Stone et al v. Government Employees Insurance Company et al

Filing 51

ORDER Denying Plaintiffs' 16 Motion to Remand and Denying as Moot Defendant's 39 Motion for Stay Pending Appeal, by Judge Benjamin H. Settle. (GMR)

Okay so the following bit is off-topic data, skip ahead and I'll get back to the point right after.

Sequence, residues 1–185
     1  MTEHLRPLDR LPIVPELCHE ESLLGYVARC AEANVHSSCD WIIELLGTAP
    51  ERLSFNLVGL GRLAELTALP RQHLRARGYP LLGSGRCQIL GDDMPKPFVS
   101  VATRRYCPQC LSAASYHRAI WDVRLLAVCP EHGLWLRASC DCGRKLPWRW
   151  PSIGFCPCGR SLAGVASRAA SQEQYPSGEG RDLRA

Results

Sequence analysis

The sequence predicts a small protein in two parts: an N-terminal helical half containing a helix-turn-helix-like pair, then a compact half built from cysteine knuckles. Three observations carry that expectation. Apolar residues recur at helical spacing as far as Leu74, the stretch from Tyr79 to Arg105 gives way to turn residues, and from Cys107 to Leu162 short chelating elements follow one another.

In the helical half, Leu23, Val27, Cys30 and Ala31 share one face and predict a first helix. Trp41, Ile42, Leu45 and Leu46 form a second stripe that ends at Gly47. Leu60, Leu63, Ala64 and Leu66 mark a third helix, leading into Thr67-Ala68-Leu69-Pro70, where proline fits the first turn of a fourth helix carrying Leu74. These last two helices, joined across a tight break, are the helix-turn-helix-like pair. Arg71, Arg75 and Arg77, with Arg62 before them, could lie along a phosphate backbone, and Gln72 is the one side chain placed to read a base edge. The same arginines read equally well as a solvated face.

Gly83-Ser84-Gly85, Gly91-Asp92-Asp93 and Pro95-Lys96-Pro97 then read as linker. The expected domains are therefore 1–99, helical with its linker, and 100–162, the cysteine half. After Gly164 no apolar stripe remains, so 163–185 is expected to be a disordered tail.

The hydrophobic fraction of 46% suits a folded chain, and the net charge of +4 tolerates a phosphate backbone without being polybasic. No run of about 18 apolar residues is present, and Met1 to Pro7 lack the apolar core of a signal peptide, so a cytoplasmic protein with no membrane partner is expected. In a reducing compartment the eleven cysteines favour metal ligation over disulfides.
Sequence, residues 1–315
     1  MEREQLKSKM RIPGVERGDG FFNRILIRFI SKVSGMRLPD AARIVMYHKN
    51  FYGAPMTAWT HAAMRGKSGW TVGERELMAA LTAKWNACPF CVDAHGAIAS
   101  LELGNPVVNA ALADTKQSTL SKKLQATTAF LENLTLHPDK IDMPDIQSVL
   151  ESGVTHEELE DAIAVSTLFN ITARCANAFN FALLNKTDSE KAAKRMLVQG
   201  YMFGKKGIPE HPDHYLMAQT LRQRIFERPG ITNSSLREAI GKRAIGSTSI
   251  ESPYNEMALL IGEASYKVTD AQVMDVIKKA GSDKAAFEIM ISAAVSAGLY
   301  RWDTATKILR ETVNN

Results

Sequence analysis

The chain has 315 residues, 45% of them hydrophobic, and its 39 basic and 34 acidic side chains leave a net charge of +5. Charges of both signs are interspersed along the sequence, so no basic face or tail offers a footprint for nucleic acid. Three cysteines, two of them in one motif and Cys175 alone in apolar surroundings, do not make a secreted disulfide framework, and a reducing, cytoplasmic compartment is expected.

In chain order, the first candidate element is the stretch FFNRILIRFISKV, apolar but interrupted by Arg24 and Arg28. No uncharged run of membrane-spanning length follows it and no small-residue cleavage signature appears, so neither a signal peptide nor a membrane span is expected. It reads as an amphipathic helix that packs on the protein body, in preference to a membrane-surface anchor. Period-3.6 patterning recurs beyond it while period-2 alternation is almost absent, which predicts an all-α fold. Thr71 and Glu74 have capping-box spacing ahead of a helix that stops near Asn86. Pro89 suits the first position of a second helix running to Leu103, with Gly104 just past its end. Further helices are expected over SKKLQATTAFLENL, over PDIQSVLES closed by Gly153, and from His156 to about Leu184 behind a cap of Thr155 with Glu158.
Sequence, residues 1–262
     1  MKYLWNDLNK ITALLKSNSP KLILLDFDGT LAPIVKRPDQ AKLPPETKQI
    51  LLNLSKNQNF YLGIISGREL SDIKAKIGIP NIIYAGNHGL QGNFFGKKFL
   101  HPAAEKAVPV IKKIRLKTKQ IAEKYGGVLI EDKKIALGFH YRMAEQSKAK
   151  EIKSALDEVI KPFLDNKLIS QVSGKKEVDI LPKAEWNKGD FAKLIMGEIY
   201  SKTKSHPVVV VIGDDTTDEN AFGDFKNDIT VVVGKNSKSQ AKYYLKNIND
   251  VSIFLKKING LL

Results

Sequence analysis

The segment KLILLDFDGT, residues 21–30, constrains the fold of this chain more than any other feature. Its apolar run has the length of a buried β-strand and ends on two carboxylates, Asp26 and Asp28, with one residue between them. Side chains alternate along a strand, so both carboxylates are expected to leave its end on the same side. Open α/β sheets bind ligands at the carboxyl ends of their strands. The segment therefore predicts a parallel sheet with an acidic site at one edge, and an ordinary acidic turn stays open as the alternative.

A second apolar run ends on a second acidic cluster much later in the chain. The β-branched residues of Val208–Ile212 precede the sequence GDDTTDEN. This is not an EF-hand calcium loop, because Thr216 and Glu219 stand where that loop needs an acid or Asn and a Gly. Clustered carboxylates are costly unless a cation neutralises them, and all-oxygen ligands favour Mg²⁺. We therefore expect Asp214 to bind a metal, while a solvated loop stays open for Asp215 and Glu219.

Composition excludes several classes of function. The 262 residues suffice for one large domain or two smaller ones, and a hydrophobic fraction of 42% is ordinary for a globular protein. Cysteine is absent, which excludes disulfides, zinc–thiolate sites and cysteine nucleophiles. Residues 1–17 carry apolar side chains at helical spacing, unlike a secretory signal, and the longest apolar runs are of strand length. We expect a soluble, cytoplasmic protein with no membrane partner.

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1 2 3 4 5 UNITED STATES DISTRICT COURT WESTERN DISTRICT OF WASHINGTON AT TACOMA 6 7 8 MEGAN STONE and CHRISTINE 9 CAROSI, 10 Plaintiffs, 11 v. 12 GOVERNMENT EMPLOYEES INSURANCE COMPANY, et al., 13 Defendants. 14 CASE NO. C16-5383 BHS ORDER DENYING PLAINTIFFS’ MOTION TO REMAND AND DEFENDANT’S MOTION TO STAY PENDING APPEAL 15 This matter comes before the Court on Plaintiffs Megan Stone (“Stone”) and 16 Christine Carosi’s (“Carosi”) (collectively, “Plaintiffs”) motion to remand (Dkt. 16) and 17 Defendant Geico General Insurance Company’s (“Geico”) motion to stay pending appeal 18 (Dkt. 39). The Court has considered the pleadings filed in support of and in opposition to 19 the motions and the remainder of the file and hereby denies the motions for the reasons 20 stated herein. 21 22 ORDER - 1 1 2 I. PROCEDURAL AND FACTUAL BACKGROUND Stone was involved in a hit and run car accident on May 22, 2014. Dkt. 3-2 ¶ 1.3. 3 Stone had an automobile insurance policy with Geico. Id. ¶ 2.1; Dkt. 12-1. Stone was 4 unable to use her car for about 105 days while Geico investigated her claim and while her 5 car was being repaired. Dkt. 3-2 ¶ 1.5. 6 On June 17, 2015, Stone filed a class action complaint against Geico1 in Pierce 7 County Superior Court. Id. Stone claims Geico failed to pay her for “loss of use” 8 damages. Id. ¶¶ 1.6–1.7. Stone sought to certify the following class: 9 10 11 12 13 All GEICO insureds with Washington policies issued in Washington State, where GEICO determined the loss to be covered under the Underinsured Motorist (UIM) coverage, and their vehicle suffered a loss requiring repair, or the vehicle was totaled, during which time they were without the use of their vehicle, for a day or more. Excluded from the Class are the assigned judge, the judge’s staff and family, GEICO employees, those who received payment for substitute transportation from GEICO during the entire period they were without the use of their vehicle . . . . 14 Id. ¶¶ 5.3. Stone claimed there would be about 5,000 class members and the average 15 damages would be about $140 per class member. Id. ¶¶ 3.2–3.3. Based on these 16 numbers, Stone alleged the amount in controversy would be at most $700,000. Id. ¶ 3.3. 17 Stone asserted a single breach of contract claim, and sought compensatory damages, 18 injunctive and equitable relief, and attorney’s fees. Id. ¶¶ 6.1–6.5, 7.1. 19 20 21 1 Stone named seven Geico-related insurers as defendants in her complaint. For 22 simplicity, the Court refers to all defendants as “Geico” in this order. ORDER - 2 1 On February 18, 2016, Plaintiffs deposed Geico’s Rule 30(b)(6) designee, David 2 Antonacci (“Antonacci”). Dkt. 9-3, Deposition of David Antonacci (“Antonacci Dep.”). 3 Antonacci testified that about 18,000 Geico insureds had filed UIM claims during the 4 class period in Washington. Id. at 13:2–21. Antonacci further testified that Geico 5 possessed information regarding the average price it paid for rental cars during the class 6 period. Id. at 22:9–14, 39:24–40:21. These numbers were produced in a supplemental 7 response to a discovery request showing that the average daily rate is approximately 8 $35/day. Dkt. 18-1 at 8. 9 On May 10, 2016, Stone filed an amended complaint, which added Carosi as a 10 named plaintiff. Dkt. 1-2 (“Comp.”). Carosi was involved in a rear-end collision while 11 insured by Geico. Id. ¶ 1.6. Carosi was unable to use her car for about 35 days while 12 Geico investigated her claim and while her car was being repaired. Id. ¶¶ 1.6, 1.8, 3.2. 13 Plaintiffs’ amended complaint contains the same proposed class definition, class 14 allegations, breach of contract claim, and requests for relief. Compare Dkt. 3-2, with 15 Comp. 16 On May 16, 2016, Plaintiffs moved for class certification. Dkt. 3-50. Plaintiffs 17 sought to certify the same class pled in their original complaint. Id. To support their 18 motion, Plaintiffs provided a declaration from their statistician, Dr. Bernard Siskin (“Dr. 19 Siskin”), who explained how the number of class members and the average damages per 20 class member could be determined. Dkt. 17-6, Declaration of Bernard Siskin (“Siskin 21 Dec.”) ¶¶ 4–5. 22 ORDER - 3 1 On May 20, 2016, Geico removed the action to this Court under the Class Action 2 Fairness Act (“CAFA”), 28 U.S.C. § 1332(d). Dkt. 2-1. Geico alleges the proposed class 3 may include as many as 22,929 members and the average damages may be $321.30 per 4 class member. Id. at 4. Based on these numbers, Geico asserts there is potentially 5 $7,367,087.70 in controversy. Id. 6 On June 14, 2016, Plaintiffs moved to remand. Dkt. 16. On July 5, 2016, Geico 7 responded. Dkt. 23. On July 8, 2016, Plaintiffs replied. Dkt. 30. On July 13, 2016, 8 Geico filed a surreply, seeking to strike a declaration submitted by Plaintiffs with their 9 reply.2 Dkt. 33. 10 On July 28, 2016, the Court granted Plaintiffs’ motion to remand. Dkt. 35. On 11 August 11, 2016, Geico filed a motion for reconsideration. Dkt. 41. On August 16, 12 2016, the Court requested a response from Plaintiffs and set a briefing schedule. Dkt. 42. 13 On August 26, 2016, Plaintiffs responded. Dkt. 46. On September 2, 2016, Geico 14 replied. Dkt. 48. 15 II. DISCUSSION 16 Plaintiffs move to remand, arguing Geico’s notice of removal is untimely and 17 Geico has not shown the amount in controversy exceeds CAFA’s jurisdictional 18 requirement of $5,000,000. Dkt. 16. 19 20 2 “As a general rule, a movant may not raise new facts or arguments in his reply brief.” Karpenski v. Am. Gen. Life Co., LLC, 999 F. Supp. 2d 1218, 1226 (W.D. Wash. 2014) (internal 21 quotation marks omitted). Moreover, for all the evidentiary reasons set forth in Geico’s surreply, Plaintiffs’ offered evidence is inadmissible. Therefore, the Court grants Geico’s motion to strike, 22 and the Court will not rely on attorney Scott Nealey’s declaration in considering the issues. ORDER - 4 1 A. CAFA Removal Standard 2 “A defendant generally may remove a civil action if a federal district court would 3 have original jurisdiction over the action.” Allen v. Boeing Co.,784 F.3d 625, 628 (9th 4 Cir. 2015). CAFA vests federal district courts with original jurisdiction over class 5 actions involving more than 100 class members, minimal diversity, and at least 6 $5,000,000 in controversy, exclusive of interests and costs. Dart Cherokee Basin 7 Operating Co. v. Owens, 135 S. Ct. 547, 552 (2014) (citing 28 U.S.C. § 1332(d)). A 8 defendant seeking removal under CAFA must file a notice of removal “containing a short 9 and plain statement of the grounds for removal.” 28 U.S.C. § 1446(a); see also Dart 10 Cherokee, 135 S. Ct. at 551. The burden of establishing removal jurisdiction remains on 11 the party seeking removal. Abrego Abrego v. The Dow Chem. Co., 443 F.3d 676, 685 12 (9th Cir. 2006). There is no presumption against removal under CAFA. Dart Cherokee, 13 135 S. Ct. at 554. 14 B. Amount in Controversy 15 To satisfy CAFA’s amount in controversy requirement, the removing defendant 16 must plausibly allege in the notice of removal that the amount in controversy exceeds 17 $5,000,000. Id. If the plaintiff challenges the defendant’s allegation, the defendant must 18 then establish by a preponderance of the evidence that CAFA’s amount in controversy 19 requirement has been satisfied. Id. at 554. “CAFA’s requirements are to be tested by 20 consideration of real evidence and the reality of what is at stake in the litigation, using 21 reasonable assumptions underlying the defendant’s theory of damages exposure.” Ibarra 22 v. Manheim Invs., Inc., 775 F.3d 1193, 1198 (9th Cir. 2015). Both parties may submit ORDER - 5 1 evidence outside the complaint, including affidavits, declarations, or other summary2 judgment-type evidence. Id. at 1197. “Under this system, a defendant cannot establish 3 removal jurisdiction by mere speculation and conjecture, with unreasonable 4 assumptions.” Id. 5 In this case, the Court must consider the evidence submitted by the parties because 6 Plaintiffs have challenged Geico’s allegation that the amount in controversy exceeds 7 $5,000,000. Both parties agree that the estimated amount of compensatory damages is 8 based on a simple equation as follows: (class size) * (average daily cost of a rental car) * 9 (number of days a rental car was necessary) = (total estimated compensatory damages).3 10 The parties, however, dispute the numbers that should be inserted in the left side of the 11 equation. With regard to the class size, Geico has submitted evidence that the class size 12 is potentially 19,811. Dkt. 29, Declaration of David Antonacci (“Antonacci Dec.”), ¶ 13. 13 Plaintiffs dispute this number contending it is over-inclusive because it contains insured 14 excluded from the proposed class definition such as drivers that borrowed a car instead of 15 renting a car and drivers that received rental reimbursement. Dkt. 30 at 7. While 16 Plaintiffs’ arguments seem valid, they fail to support the arguments with actual evidence. 17 For example, how many of Geico’s potential class members had rental reimbursement? 18 Merely arguing that Geico’s evidence is over-inclusive is insufficient to show that 19 Geico’s number is mere speculation and conjecture. More importantly, Antonacci 20 specifically addressed the failure to exclude these insured from his search. Antonacci 21 3 Geico combines the average daily cost number and the average days of loss of use 22 number and provides an average rental payment number. Dkt. 27 at 8. ORDER - 6 1 Dec., ¶ 14 (the exclusion requires a claim-by-claim analysis). Plaintiffs fail to counter 2 this evidence. 3 Furthermore, Plaintiffs fault Geico for not including exclusions that do not appear 4 in Plaintiffs’ proposed class. For example, Plaintiffs argue that “GEICO failed to exclude 5 from their calculation all insureds that had their vehicle repaired in a single day” and all 6 insured with repair damages less than $1000. Dkt. 30 at 5. These lawyer-created 7 exclusions do not appear in Plaintiffs’ proposed class. While these facts may be 8 appropriate means to determine the actual class, Plaintiffs fail to provide authority for the 9 proposition that Geico must base its estimates in its notice of removal on Plaintiffs’ 10 attorney’s hypothetical exclusions in a subsequent and improperly submitted declaration. 11 Plaintiffs also argue that the Court may rely on “lawyer testimony” and other 12 evidence to proportionally reduce Geico’s number. Dkt. 30 at 8. In Turk v. USAA, No. 13 3:14-cv-05878-RBL, Dkt # 29 (W. D. Washington, March 18, 2015), the insurer removed 14 asserting a potential class size of 18,362 members. Similar to this case, this number 15 appears to have been based on every potential insured that submitted a claim without 16 accounting for insureds that were properly compensated or obviously did not have a 17 claim. Id. at 2. The court reduced the insured potential class size by 20% because a 18 “preponderance of the evidence supports the conclusion that the class as defined by Turk, 19 as estimated by USAA (minus 20% for those who had rental coverage) is approximately 20 14,500.” Id. at 6. 21 Contrary to the insured in Turk, Plaintiffs have failed to submit any evidence of 22 over-inclusiveness. At most, Dr. Siskin declares that “[u]sing sampling of claims files it ORDER - 7 1 is possible to determine the slight degree of over-inclusiveness (and thus obtain an 2 accurate class size) . . . .” Dkt. 17–6, ¶ 5. The Court declines to engage in speculation in 3 order to transform “slight over-inclusiveness” into an actual percentage. Thus, there is an 4 absence of evidence to support Plaintiffs’ position. Moreover, simple discovery can 5 affirmatively resolve this issue and the Court declines to engage in advisory speculation 6 pending fact discovery. Because the relevant issues pertain to the Court’s subject matter 7 jurisdiction, it appears that Plaintiffs may move to remand at any time before final 8 judgment. See 28 U.S.C. § 1447(c) (“If at any time before final judgment it appears that 9 the district court lacks subject matter jurisdiction, the case shall be remanded.”); 10 Behrazfar v. Unisys Corp., 687 F. Supp. 2d 999, 1002–4 (C.D. Cal. 2009) (motion to 11 remand raising subject matter jurisdiction question was timely even though it was filed 12 14 months after defendant removed). Thus, if subsequent evidence undermines Geico’s 13 proposed class size, then the Court will address that evidence when and if it is properly 14 presented. 15 Likewise, the Court will address Plaintiffs’ allegations and insinuations that Geico 16 intentionally overinflated this number when and if actual evidence establishes such 17 accusations. See, e.g., Dkt. 16 at 11 (“Antonacci could have generated a Class size that 18 matched or closely matched the actual Class . . . .”); Dkt. 30 at 3 (“Like GEICO’s 19 improper ‘include a bunch of people who are not in the Class’ approach . . . .”); id. at 7 20 n.3 (“That fact that GEICO chose not to [exclude certain insureds], and instead 21 present[ed] a false and inflated figure, is yet another reason, why its assertions as to Class 22 size are inaccurate and must be rejected by this Court.”). However, on the current record, ORDER - 8 1 the Court finds that Geico has shown, by a preponderance of the evidence, that the 2 potential class size is 19,811. 3 With regard to the average daily cost and average days of loss, Geico contends 4 that the average claim would be $324.03. Dkt. 27 at 8. Plaintiffs appear to accept this 5 number in their reply, Dkt. 30 at 8, and Dr. Siskin seems to agree that Geico’s method 6 will “provide an accurate estimate of loss for the proposed Class and its members,” Dkt. 7 17-6 at ¶ 7. Without evidence to the contrary, the Court finds that, by a preponderance of 8 the evidence, $324.03 is the average claim amount. Therefore, Geico has shown that the 9 amount in controversy is at least $6,419,358.33, which exceeds the jurisdictional 10 minimum. 11 The parties also dispute whether the Court may include potential attorney’s fees 12 and damages for injunctive relief. Based on the complaint, both of these arguments are 13 frivolous. Plaintiffs claim a breach of contract and request statutory attorney’s fees, 14 which they claim amount to $200. Dkt. 3-2, ¶ 7.1(4); Dkt. 30 at 8–9. With regard to 15 injunctive relief, Plaintiffs seek injunctive relief only to enforce the damages award. Dkt. 16 3-2, ¶ 7.1(3). Thus, the Court declines Geico’s request to include a lodestar attorney’s 17 fees amount of 25% of the estimated compensatory damages and injunctive damages of 18 approximately one million per year for the next four years. 19 In sum, the Court concludes that Geico has met its burden and, based on the 20 current record, has shown that the amount in controversy exceeds the jurisdictional 21 minimum of $5,000,000. Accordingly, the Court denies Plaintiffs’ motion to remand. 22 ORDER - 9 1 C. Untimely Removal 2 “The timeliness of removals pursuant to CAFA is governed by 28 U.S.C. 3 § 1446(b).” Carvalho v. Equifax Info. Servs., LLC, 629 F.3d 876, 884 (9th Cir. 2010). 4 “[S]ection 1446(b) identifies two thirty-day periods for removing a case.” Id. at 885. 5 “The first thirty-day removal period is triggered ‘if the case stated by the initial pleading 6 is removable on its face.’” Id. (quoting Harris v. Bankers Life & Cas. Co., 425 F.3d 689, 7 694 (9th Cir. 2005)). “The second thirty-day removal period is triggered if the initial 8 pleading does not indicate that the case is removable, and the defendant receives ‘a copy 9 of an amended pleading, motion, order or other paper’ from which removability may first 10 be ascertained.” Id. (quoting 28 U.S.C. § 1446(b)). “If the notice of removal was 11 untimely, a plaintiff may move to remand the case back to state court.” Id. 12 Neither party argues the first thirty-day removal period was triggered in this case. 13 Geico asserts that Plaintiffs’ motion for class certification provided the first indication 14 that the amount in controversy exceeds $5 million, thereby triggering the second thirty15 day removal period. Dkt. 2-1 at 2. According to Geico, Dr. Siskin’s declaration in 16 support of Plaintiffs’ motion provided new information about the size of the proposed 17 class and the average damages per class member, which caused Geico to reconsider the 18 potential amount in controversy. Dkt. 23 at 13. 19 Dr. Siskin relied on Plaintiffs’ class definition and Antonacci’s deposition 20 testimony to explain how the class size and the average damages for each class member 21 could be determined. See Siskin Dec. ¶¶ 4–7 (citing Antonacci’s deposition testimony). 22 The information that Geico claims made this case removable—the number of UIM claims ORDER - 10 1 in Washington and the average daily rental rate—was disclosed by its corporate 2 representative in his deposition on February 18, 2016. Put another way, Plaintiffs’ 3 motion for class certification provided some information that was already available to 4 Geico. 5 Deposition testimony may constitute “other paper” that triggers the second thirty- 6 day removal period under § 1446(b). Carvalho, 629 F.3d at 886–87. Geico first argues 7 that a defendant’s deposition does not qualify as an “other paper” because the document 8 must be “served by the plaintiff . . . .” Dkt. 41 at 5.4 Geico claims that “[t]his distinction 9 – from the plaintiff to the defendant – has been a material distinction for decades.” Id. In 10 making this assertion, Geico relies on Fifth Circuit law, which, in turn, relies on Supreme 11 Court law that predates § 1446(b). See Gaitor v. Peninsular & Occidental S. S. Co., 287 12 F.2d 252, 254 (5th Cir. 1961) (quoting Great Northern Railway Co. v. Alexander, 246 13 U.S. 276 (1918)). Despite the non-binding and ancient authority, Geico has failed to cite 14 any binding authority that precludes a defendant’s deposition from qualifying as an 15 “other paper” received “by the defendant, through service or otherwise” under § 1446(b). 16 Thus, until a higher court crafts a judicial exception, the Court concludes that receipt by 17 Geico of Antonacci’s deposition from the court reporter qualifies as an “other paper” 18 under § 1446(b). 19 20 21 4 Because Geico only briefly addressed the issue of timeliness in its original response (Dkt. 27 at 12–14), the Court will consider its arguments on reconsideration. Similarly, the 22 Court will consider Plaintiffs’ argument on reconsideration. ORDER - 11 1 Next, Geico argues that the deposition testimony was insufficient to put them on 2 notice that the case was removable. There is little to no question that the Antonacci 3 deposition provided the relevant numbers of potential class size and average daily rate. 4 Plaintiffs’ problem, however, is that Antonacci testified only that, using Geico’s 5 computer system, it was possible to determine the average loss of use time period. See 6 Dkt. 16 at 5–7. For example, Antonacci testified that, by using the computer system, he 7 could identify the period of loss for most of the class and, if the insured used Geico’s car 8 rental vendors, the actual receipts would be in the system. Antonacci Dep., 31:10–71, 9 32:15–19, 33:19–22, 41:10-24. In fact, Antonacci did complete the searches and 10 identified the average claim amount of $324.03. Antonacci Dec., ¶¶ 25–27. Plaintiffs 11 fail to cite, and the Court is unable to find, evidence establishing that Antonacci ran these 12 searches prior to the deposition or discussed the results of these or similar searches in the 13 deposition. Thus, the Court agrees with Geico that there is a lack of evidence on a crucial 14 fact. 15 In light of the relevant case law, the Court concludes that the ability to discover 16 certain numbers in a database is significantly different than presenting the relevant 17 numbers in a deposition. Compare Roth v. CHA Hollywood Med. Ctr., L.P., 720 F.3d 18 1121, 1125 (9th Cir. 2013) (“even if a defendant could have discovered grounds for 19 removability through investigation, it does not lose the right to remove because it did not 20 conduct such an investigation”), with Carvalho, 629 F.3d at 887 (“From this testimony, 21 Equifax could reasonably determine for the first time that the amount in controversy was 22 at least $25,000 per class member [times 500 class members], or $12.5 million total.”). ORDER - 12 1 In other words, numbers being readily apparent would be sufficient to put a defendant on 2 notice of the amount in controversy, whereas numbers being readily available if Geico 3 searched its database is insufficient to put it on notice of the amount in controversy. The 4 evidence in the current record supports the latter proposition. Therefore, the Court 5 concludes that Geico could not reasonably conclude from the Antonacci deposition alone 6 that the amount in controversy exceeded the jurisdictional limit and denies Plaintiffs’ 7 motion to remand on this issue. 8 D. Attorney’s Fees 9 Having denied Plaintiffs’ motion to remand, the Court also denies Plaintiffs’ 10 request for attorney’s fees. While the Court does not encourage a subsequent motion to 11 remand, subject matter jurisdiction is an important issue that may be raised at any time. 12 See 28 U.S.C. § 1447(c). Fees may be appropriate if Plaintiffs obtain evidence to show 13 that Geico’s proposed class size or proposed amount of damages was not objectively 14 reasonable. Martin v. Franklin Capital Corp., 546 U.S. 132, 141 (2005). 15 Finally, the Court will usually grant motions for over-length briefs. As such, the 16 Court requests that the parties refrain from providing substantive arguments in footnotes. 17 Not only are large footnotes distracting, but the arguments are more likely to be 18 unintentionally overlooked. 19 // 20 // 21 // 22 // ORDER - 13 1 2 III. ORDER Therefore, it is hereby ORDERED that Plaintiffs’ motion to remand (Dkt. 16) is 3 DENIED and Geico’s motion for stay pending appeal (Dkt. 39) is DENIED as moot. 4 Dated this 12th day of October, 2016. A 5 6 7 BENJAMIN H. SETTLE United States District Judge 8 9 10 11 12 13 14 15 16 17 18 19 20 21 22 ORDER - 14